Two petitions opposing the supportive housing projects have also been launched by residents, which Flanagan said he is aware of and understands concerns.

“There is a lot of community concern when we do supportive housing, whether it is Maple Ridge, Kelowna, Nanaimo, Victoria; we hear those concerns. There are some common themes around crime, safety and drug use,” he said.

RELATED: B.C. government providing temporary housing units to Nanaimo’s homeless

RELATED: Nanaimo woman takes legal action against temporary supportive housing

In order to address concerns in the community, B.C. Housing is hosting eight public engagement sessions in Nanaimo, where residents will get to ask questions and hear more information about the two supportive housing sites. There will also be a live online question-and-answer session on Nov. 22. Flanagan said he couldn’t disclose the locations for the planned public engagement sessions at the moment, but will do so closer to the date. He said multiple engagement sessions are planned to give more people a chance to have their voices heard in smaller settings.

“I think what happens, not all the time, but in some of the larger sessions, people get frustrated because there are so many people and you only have like two to three minutes for a question … so I think breaking it down into nine or 10 sessions across the city allows for a bit more in-depth and richer dialogue to happen,” Flanagan said.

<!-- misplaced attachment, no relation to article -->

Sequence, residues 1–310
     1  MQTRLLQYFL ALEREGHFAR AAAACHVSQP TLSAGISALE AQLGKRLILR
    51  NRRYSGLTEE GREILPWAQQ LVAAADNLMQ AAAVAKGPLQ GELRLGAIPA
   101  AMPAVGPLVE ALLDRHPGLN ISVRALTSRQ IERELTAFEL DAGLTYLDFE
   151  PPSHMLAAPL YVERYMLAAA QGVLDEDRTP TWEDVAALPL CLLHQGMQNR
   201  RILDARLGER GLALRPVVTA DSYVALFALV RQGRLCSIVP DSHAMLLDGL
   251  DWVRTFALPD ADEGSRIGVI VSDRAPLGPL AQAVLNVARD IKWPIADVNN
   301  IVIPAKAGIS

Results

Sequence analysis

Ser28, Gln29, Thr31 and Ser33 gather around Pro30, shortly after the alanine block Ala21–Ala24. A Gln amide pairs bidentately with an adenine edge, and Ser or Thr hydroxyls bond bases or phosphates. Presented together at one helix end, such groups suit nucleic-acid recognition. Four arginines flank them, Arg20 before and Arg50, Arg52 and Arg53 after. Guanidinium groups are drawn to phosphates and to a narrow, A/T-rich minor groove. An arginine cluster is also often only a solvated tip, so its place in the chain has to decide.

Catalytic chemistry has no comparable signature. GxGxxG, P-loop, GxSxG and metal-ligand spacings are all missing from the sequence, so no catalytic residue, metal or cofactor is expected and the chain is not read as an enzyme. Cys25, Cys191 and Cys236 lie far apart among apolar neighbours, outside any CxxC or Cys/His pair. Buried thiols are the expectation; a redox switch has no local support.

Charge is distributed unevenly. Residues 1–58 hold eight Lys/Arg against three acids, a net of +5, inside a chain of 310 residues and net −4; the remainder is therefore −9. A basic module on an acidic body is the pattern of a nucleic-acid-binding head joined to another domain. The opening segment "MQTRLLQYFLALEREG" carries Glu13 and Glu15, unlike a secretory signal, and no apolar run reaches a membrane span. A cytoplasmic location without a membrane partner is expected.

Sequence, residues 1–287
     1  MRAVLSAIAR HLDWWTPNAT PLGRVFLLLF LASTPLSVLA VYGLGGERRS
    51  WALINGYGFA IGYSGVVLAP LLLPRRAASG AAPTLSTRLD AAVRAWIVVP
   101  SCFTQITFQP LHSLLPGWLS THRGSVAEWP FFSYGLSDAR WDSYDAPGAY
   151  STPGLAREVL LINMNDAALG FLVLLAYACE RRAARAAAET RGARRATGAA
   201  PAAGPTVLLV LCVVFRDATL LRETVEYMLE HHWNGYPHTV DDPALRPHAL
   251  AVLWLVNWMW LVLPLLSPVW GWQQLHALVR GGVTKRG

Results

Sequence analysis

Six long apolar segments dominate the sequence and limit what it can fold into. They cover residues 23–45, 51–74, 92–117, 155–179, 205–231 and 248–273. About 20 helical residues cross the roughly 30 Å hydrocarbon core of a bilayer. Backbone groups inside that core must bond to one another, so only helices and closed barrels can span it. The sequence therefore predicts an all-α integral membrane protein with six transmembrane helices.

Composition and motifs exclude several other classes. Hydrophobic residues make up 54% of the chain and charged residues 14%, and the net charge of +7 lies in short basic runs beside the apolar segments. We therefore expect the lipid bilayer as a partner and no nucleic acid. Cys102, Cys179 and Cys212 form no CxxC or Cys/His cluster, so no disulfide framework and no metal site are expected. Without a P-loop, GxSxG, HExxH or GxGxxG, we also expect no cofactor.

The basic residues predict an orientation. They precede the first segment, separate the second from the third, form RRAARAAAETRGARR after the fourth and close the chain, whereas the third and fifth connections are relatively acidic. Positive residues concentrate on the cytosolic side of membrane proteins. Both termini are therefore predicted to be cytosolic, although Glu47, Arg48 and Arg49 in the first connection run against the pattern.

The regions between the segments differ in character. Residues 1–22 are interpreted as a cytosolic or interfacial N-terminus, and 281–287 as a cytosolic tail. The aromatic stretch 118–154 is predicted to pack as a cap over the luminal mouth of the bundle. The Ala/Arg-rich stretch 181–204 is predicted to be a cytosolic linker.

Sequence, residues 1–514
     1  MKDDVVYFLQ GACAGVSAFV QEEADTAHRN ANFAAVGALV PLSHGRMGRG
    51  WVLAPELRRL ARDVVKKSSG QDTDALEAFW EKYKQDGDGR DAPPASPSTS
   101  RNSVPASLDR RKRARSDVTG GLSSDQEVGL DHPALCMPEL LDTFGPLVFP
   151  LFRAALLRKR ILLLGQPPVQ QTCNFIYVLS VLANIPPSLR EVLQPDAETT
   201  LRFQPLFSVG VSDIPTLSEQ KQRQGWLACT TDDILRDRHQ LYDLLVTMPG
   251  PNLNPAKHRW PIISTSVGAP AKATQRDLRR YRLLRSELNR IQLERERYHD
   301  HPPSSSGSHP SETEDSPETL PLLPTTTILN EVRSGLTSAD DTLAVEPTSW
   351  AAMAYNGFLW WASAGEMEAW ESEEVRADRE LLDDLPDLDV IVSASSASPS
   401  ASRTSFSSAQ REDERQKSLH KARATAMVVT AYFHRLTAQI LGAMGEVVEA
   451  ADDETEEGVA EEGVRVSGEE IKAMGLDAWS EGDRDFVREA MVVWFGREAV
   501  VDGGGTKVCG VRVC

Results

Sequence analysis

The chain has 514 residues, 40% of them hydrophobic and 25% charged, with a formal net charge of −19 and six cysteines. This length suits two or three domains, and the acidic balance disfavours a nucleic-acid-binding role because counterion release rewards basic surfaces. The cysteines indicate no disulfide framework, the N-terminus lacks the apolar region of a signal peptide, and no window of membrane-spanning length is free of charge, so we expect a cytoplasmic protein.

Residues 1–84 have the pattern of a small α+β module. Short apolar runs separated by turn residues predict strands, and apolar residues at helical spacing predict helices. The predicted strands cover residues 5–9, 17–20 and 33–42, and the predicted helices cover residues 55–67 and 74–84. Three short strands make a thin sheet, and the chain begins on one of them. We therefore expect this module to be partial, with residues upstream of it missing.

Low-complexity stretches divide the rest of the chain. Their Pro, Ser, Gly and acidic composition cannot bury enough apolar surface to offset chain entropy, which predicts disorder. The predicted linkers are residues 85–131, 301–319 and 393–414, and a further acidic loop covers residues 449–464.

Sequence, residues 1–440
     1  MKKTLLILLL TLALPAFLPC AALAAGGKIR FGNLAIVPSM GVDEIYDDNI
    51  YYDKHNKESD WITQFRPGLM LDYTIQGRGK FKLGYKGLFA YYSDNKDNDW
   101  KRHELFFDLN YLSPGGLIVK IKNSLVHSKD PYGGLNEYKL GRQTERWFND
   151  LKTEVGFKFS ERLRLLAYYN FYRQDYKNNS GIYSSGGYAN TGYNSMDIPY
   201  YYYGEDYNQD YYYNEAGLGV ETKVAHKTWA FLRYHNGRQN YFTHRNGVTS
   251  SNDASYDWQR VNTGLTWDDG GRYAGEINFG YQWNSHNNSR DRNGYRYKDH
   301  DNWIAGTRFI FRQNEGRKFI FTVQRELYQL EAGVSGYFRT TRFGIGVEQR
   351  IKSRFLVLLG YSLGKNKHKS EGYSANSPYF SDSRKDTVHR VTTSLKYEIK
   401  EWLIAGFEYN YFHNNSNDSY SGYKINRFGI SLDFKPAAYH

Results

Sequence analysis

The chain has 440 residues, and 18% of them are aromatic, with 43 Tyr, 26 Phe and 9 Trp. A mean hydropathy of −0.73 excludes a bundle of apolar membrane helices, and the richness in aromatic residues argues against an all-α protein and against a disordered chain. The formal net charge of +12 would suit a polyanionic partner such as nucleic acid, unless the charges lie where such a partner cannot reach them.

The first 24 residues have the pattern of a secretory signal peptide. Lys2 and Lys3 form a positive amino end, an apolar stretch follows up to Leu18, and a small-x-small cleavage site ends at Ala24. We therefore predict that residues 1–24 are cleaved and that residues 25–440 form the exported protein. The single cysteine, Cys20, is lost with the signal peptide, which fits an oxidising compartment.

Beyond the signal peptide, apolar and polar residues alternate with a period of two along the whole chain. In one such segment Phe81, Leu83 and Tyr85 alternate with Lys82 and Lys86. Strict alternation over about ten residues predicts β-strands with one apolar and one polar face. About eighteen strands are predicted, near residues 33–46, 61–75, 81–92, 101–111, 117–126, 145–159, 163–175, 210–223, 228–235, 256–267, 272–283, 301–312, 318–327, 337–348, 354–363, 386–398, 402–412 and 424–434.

The Terminal Avenue and Labieux Road sites also have what are known as community advisory committees that will meet once a month and will be made up of nearby residents, police, Island Health, B.C. Housing, city staffers and others, according to Flanagan. He also said there will also be on-site security at both locations.

“We will have the security as long as it is needed,” he said. “We will have security at the start and often we see people move in and the site starts to settle down. I think a lot depends on what happens in the first few weeks. I think based on our other housing models and based on the experience of someone like Pacifica and Island Crisis Care Society, we’re confident that these will provide safe, supportive housing.”

He said B.C. Housing’s energy and attention is focused on getting the modular housing up and running and working with the non-profits, Island Health and other partners to make sure supports are in place.

Flanagan said there are 117 people currently living at Discontent City, but couldn’t say how many of them have applied and how many have qualified for housing at either Nanaimo site.